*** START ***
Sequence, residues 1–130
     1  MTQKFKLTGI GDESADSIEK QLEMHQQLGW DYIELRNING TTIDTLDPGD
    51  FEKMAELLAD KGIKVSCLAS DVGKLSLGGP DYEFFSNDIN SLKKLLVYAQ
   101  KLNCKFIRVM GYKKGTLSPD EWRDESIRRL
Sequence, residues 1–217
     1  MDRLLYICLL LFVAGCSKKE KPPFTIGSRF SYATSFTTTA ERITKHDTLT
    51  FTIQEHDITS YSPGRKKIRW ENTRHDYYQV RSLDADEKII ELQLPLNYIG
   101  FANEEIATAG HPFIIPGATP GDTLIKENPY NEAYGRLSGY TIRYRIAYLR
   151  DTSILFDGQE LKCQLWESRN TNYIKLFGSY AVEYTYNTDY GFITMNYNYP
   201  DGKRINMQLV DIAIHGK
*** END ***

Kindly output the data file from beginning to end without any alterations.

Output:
Sequence, residues 1–130
     1  MTQKFKLTGI GDESADSIEK QLEMHQQLGW DYIELRNING TTIDTLDPGD
    51  FEKMAELLAD KGIKVSCLAS DVGKLSLGGP DYEFFSNDIN SLKKLLVYAQ
   101  KLNCKFIRVM GYKKGTLSPD EWRDESIRRL
Sequence, residues 1–217
     1  MDRLLYICLL LFVAGCSKKE KPPFTIGSRF SYATSFTTTA ERITKHDTLT
    51  FTIQEHDITS YSPGRKKIRW ENTRHDYYQV RSLDADEKII ELQLPLNYIG
   101  FANEEIATAG HPFIIPGATP GDTLIKENPY NEAYGRLSGY TIRYRIAYLR
   151  DTSILFDGQE LKCQLWESRN TNYIKLFGSY AVEYTYNTDY GFITMNYNYP
   201  DGKRINMQLV DIAIHGK